Some place in this house is a copy of Making Pottery by John Anderson. It should be on the shelves with all the other books on ceramics that crowd my living room, but if it is, my eyes are passing it by. I hope I am not becoming like my now deceased friend Francelia who in her later years, had to keep buying copies of the same books because she was never able to find her copy when she needed it. Sigh.

I am looking for it because, as I recall, it had a bit on Isaac Button. Button, sometimes called the “last true country potter” in England, operated Soil Hill, near Halifax England. He could and did throw a half ton of clay a day, swiftly making hundreds of repeat shapes – jugs, flowerpots, crocks, cider jars and so on. His ability to throw fast and large is astonishing to us today, but was typical of the way old time country potters worked. Fortunately for us, a few years before he died, John Anderson and Robert Fournier filmed him.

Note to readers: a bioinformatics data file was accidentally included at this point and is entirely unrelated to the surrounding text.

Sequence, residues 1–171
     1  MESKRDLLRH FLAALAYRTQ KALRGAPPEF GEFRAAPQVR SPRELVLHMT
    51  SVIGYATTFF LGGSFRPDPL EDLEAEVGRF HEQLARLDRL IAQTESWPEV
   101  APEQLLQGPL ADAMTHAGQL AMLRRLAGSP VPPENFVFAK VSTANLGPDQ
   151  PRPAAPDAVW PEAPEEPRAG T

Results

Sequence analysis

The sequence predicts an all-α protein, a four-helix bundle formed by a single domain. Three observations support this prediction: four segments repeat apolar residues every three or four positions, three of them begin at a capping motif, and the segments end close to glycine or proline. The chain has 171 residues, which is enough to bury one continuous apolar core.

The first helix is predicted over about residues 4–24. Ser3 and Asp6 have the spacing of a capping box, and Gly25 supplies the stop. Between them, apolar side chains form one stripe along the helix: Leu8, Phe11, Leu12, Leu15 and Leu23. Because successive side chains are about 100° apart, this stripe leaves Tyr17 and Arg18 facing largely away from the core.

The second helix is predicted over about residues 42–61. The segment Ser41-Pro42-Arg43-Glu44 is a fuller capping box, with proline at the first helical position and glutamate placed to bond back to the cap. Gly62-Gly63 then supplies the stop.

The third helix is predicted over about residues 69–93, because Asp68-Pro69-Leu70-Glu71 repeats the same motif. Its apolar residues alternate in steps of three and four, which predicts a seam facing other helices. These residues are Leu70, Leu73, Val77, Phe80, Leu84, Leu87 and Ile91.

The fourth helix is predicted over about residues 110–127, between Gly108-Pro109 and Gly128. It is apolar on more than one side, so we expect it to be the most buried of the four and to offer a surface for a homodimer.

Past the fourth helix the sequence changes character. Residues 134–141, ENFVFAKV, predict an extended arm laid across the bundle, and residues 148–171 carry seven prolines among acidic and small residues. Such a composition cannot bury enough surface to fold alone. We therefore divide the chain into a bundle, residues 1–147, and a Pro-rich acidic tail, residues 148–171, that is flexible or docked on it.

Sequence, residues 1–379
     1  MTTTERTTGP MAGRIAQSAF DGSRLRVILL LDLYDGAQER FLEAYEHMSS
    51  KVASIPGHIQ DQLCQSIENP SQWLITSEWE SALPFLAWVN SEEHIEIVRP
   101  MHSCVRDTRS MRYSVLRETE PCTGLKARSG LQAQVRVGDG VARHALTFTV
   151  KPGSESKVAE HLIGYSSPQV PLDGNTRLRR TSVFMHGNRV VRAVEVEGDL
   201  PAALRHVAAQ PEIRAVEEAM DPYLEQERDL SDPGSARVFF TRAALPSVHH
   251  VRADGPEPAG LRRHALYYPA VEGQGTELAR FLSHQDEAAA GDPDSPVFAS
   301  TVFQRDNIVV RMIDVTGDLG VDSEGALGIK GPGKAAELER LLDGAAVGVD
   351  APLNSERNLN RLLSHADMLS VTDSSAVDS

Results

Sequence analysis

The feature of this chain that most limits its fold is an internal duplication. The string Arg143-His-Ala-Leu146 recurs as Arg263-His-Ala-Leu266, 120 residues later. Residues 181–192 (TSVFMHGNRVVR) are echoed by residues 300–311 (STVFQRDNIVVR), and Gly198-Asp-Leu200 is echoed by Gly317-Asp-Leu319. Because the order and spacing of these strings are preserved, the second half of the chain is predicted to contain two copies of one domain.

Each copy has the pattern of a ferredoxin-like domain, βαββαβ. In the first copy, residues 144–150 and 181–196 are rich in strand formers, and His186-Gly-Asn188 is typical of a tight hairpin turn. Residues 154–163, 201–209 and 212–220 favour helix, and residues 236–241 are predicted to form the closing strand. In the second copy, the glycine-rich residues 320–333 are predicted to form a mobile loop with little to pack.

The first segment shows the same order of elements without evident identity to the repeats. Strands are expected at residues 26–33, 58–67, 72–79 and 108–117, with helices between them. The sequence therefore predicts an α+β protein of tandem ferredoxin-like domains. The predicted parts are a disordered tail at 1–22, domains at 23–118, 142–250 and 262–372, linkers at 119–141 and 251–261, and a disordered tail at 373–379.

I drove out to Guy Wolff’s pottery on Friday to interview him some more for the book project. Wolff is also a repeat thrower and throws fast and large. Toward the end of the interview, he mentioned how much he liked the Button video. So, before beginning work on the chapter I am writing, I watched the video again myself (thanks YouTube) and then searched futilely for the book.

The film is over 40 minutes in its entirety, but here is an extract of Button throwing.

And here’s Guy Wolff.

Playing with Fire

Raku potters play with fire in ways that the rest of us do not. The notion of opening a hot, burning kiln and reaching inside with long tongs to pluck out a pot, glaze still molten, and then dashing with that glowing pot to a bin of combustibles is very appealing. But I am a woman who makes sturdy, functional pots for the most part, so, though pyromaniac that I am, I do not do anything as dramatic as pull my pots glowing from the flames. Raku, often breathtakingly beautiful, is not meant for everyday use. Raku is meant to behold.